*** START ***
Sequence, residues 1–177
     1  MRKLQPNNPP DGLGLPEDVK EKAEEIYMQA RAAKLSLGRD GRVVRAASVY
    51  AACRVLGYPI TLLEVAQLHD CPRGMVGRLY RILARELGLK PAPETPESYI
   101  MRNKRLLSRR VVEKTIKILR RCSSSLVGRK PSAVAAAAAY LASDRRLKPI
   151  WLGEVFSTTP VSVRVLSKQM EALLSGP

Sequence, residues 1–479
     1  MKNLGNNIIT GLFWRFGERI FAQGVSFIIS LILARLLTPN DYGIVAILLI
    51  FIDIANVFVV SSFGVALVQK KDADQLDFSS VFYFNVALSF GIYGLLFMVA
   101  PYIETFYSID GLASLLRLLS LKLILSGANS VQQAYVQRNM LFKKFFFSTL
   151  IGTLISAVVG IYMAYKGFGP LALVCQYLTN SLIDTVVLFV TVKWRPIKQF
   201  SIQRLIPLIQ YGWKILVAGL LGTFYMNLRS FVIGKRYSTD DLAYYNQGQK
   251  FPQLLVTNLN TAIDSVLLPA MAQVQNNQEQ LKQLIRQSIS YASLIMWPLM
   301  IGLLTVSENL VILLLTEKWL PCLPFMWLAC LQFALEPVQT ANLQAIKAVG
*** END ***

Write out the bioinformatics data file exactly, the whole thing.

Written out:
Sequence, residues 1–177
     1  MRKLQPNNPP DGLGLPEDVK EKAEEIYMQA RAAKLSLGRD GRVVRAASVY
    51  AACRVLGYPI TLLEVAQLHD CPRGMVGRLY RILARELGLK PAPETPESYI
   101  MRNKRLLSRR VVEKTIKILR RCSSSLVGRK PSAVAAAAAY LASDRRLKPI
   151  WLGEVFSTTP VSVRVLSKQM EALLSGP

Sequence, residues 1–479
     1  MKNLGNNIIT GLFWRFGERI FAQGVSFIIS LILARLLTPN DYGIVAILLI
    51  FIDIANVFVV SSFGVALVQK KDADQLDFSS VFYFNVALSF GIYGLLFMVA
   101  PYIETFYSID GLASLLRLLS LKLILSGANS VQQAYVQRNM LFKKFFFSTL
   151  IGTLISAVVG IYMAYKGFGP LALVCQYLTN SLIDTVVLFV TVKWRPIKQF
   201  SIQRLIPLIQ YGWKILVAGL LGTFYMNLRS FVIGKRYSTD DLAYYNQGQK
   251  FPQLLVTNLN TAIDSVLLPA MAQVQNNQEQ LKQLIRQSIS YASLIMWPLM
   301  IGLLTVSENL VILLLTEKWL PCLPFMWLAC LQFALEPVQT ANLQAIKAVG